Desmond Morris has written yet another book in his "naked" series. The first one was The Naked Ape, many decades ago. The new one is called The Naked Man. Its thesis is that men are smarter than women, more creative than women and that the history of human beings is the history of men. From a review of the book:
Try to name history's top ten women artists, scientists, composers, dictators, heroines or explorers. You can probably trawl your mind and come up with a few examples - especially in those categories involving humane work.
I can think of Marie Curie, Rosamund "DNA" Franklin and the astronomer Jill Tarter (who runs an alien-detection institute and discovered dwarf stars). We've had Boudicca (vanquisher of the Romans) and Margaret Thatcher (who gave the Argentines an equally bloody nose). Also, arguably, our three greatest monarchs have been queens, not kings.
But, by and large, the inescapable conclusion is that the history of humanity is the history of man, not of woman.
For every great woman there have been 100 - even 1,000 - great men in the same field.
This is, of course, a contentious thesis, but a new book by anthropologist Desmond Morris attempts not only to explain why this is so, but also to contest that those reports of the death of masculinity (trumpeted by so many feminist thinkers) have almost certainly been exaggerated.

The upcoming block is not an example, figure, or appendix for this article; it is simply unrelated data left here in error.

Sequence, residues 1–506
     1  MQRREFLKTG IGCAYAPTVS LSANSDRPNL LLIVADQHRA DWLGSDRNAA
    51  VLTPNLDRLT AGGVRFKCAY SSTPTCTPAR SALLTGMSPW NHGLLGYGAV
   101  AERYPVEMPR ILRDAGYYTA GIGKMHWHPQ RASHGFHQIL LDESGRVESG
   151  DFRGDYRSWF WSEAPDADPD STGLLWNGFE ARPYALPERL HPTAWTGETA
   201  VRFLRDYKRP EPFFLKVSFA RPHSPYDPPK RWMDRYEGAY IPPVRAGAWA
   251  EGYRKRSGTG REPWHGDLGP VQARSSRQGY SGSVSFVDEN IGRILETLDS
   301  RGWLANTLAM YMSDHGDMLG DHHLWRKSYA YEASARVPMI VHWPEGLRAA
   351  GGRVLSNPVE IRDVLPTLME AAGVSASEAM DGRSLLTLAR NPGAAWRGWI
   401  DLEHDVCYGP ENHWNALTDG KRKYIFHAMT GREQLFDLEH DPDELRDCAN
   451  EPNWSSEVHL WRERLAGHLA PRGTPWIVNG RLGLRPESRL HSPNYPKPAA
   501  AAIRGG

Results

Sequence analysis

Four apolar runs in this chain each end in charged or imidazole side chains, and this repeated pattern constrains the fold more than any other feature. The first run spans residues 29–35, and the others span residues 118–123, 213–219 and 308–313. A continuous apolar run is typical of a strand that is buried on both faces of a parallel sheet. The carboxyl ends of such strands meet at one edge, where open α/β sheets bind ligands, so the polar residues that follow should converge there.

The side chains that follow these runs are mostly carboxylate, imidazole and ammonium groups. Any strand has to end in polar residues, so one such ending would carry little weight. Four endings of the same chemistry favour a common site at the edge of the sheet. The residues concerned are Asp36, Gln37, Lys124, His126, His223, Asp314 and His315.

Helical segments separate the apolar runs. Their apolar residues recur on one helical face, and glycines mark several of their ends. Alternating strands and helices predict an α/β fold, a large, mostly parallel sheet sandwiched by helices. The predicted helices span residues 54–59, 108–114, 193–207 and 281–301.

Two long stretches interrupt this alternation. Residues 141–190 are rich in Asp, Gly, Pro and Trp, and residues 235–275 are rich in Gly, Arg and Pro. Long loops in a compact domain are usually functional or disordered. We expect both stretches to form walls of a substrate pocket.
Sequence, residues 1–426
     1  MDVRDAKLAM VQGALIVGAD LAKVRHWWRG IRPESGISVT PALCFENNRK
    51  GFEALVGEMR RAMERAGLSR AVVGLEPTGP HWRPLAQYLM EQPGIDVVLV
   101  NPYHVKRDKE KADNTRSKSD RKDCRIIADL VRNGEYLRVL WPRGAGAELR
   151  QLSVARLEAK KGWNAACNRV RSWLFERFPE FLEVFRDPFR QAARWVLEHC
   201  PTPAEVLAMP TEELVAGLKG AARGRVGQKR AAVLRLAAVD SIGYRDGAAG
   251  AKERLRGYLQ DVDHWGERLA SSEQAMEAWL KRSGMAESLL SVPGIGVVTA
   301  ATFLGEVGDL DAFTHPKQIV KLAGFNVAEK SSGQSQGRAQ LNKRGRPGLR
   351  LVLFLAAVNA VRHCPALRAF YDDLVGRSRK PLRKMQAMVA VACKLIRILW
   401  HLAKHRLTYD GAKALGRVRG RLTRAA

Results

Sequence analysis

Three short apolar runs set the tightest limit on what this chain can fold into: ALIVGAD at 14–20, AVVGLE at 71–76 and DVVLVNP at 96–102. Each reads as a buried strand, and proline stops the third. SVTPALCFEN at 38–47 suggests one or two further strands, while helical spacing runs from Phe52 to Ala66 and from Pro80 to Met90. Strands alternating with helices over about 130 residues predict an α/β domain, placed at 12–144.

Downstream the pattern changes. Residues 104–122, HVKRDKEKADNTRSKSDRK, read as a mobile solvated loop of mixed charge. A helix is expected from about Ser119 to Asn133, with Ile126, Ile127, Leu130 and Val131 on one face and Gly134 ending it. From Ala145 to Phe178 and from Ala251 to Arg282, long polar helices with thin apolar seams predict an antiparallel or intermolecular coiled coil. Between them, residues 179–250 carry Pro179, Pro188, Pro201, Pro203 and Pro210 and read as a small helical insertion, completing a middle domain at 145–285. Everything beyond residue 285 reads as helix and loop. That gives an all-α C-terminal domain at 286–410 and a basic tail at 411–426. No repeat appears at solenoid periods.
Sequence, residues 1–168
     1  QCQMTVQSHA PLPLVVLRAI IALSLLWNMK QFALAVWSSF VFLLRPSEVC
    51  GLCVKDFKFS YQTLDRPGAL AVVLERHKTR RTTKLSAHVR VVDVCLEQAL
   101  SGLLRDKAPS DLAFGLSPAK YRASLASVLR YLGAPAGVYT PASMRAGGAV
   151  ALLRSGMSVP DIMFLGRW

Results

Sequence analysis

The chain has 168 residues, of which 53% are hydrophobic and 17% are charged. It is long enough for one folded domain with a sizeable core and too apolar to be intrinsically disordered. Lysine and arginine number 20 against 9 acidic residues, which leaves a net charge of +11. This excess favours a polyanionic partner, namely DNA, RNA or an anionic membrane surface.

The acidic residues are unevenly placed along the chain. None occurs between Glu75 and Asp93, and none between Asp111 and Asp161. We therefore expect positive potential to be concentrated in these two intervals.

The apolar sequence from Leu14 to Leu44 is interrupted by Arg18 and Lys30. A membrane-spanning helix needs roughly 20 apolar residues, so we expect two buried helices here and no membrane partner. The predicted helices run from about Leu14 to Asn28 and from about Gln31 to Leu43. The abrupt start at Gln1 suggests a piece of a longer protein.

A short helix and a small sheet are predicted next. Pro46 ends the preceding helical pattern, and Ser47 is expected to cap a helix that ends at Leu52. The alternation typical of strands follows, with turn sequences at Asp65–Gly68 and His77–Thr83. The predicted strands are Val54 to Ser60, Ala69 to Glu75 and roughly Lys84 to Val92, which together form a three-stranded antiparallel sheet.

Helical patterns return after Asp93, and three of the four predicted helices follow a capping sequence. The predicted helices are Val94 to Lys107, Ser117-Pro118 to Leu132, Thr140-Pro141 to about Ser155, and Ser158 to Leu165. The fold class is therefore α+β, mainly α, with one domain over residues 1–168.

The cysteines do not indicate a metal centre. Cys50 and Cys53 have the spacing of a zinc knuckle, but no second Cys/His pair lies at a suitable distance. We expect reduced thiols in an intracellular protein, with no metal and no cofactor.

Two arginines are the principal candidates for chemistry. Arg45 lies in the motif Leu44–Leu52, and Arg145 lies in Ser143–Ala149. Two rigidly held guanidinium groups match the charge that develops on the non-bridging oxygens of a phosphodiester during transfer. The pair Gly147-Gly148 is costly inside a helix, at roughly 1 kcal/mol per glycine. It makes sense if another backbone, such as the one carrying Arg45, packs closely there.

The Naked Man takes a (perhaps unfashionable) look at the triumph of the human male - and examines the wonder of evolution that is the male body.
Morris's study could not have come at a more opportune time, as the very concept of masculinity is being derided on so many fronts. Male traits such as aggression, singlemindedness, linear-thinking, devotion to facts and love of competition are under attack in today's femininised world.
Today's feminized world? I wonder what color the sky is there, and if they also have wars in Iraq and in Afghanistan.
Anyway, what is so startlingly new and wonderful about Morris's study is the reasons for the immense male superiority. It has to do with hunting by the prehistoric man. The story goes like this:
Next, Morris takes the argument further to explain the dominance of men over women.
Hunting, he argues, was a dangerous, high- octane pursuit. It made little sense for the females to put themselves in harm's way - they were far more valuable to the tribe's future than men because, of course, human survival depended upon their fertility,
So men, who were expendable, went out with the spears while the women stayed behind - a pattern that (minus the spears) has persisted long after our hunter-gatherer days were over.
As a result, the male brain became progressively more adventurous, more aggressive and more cunning.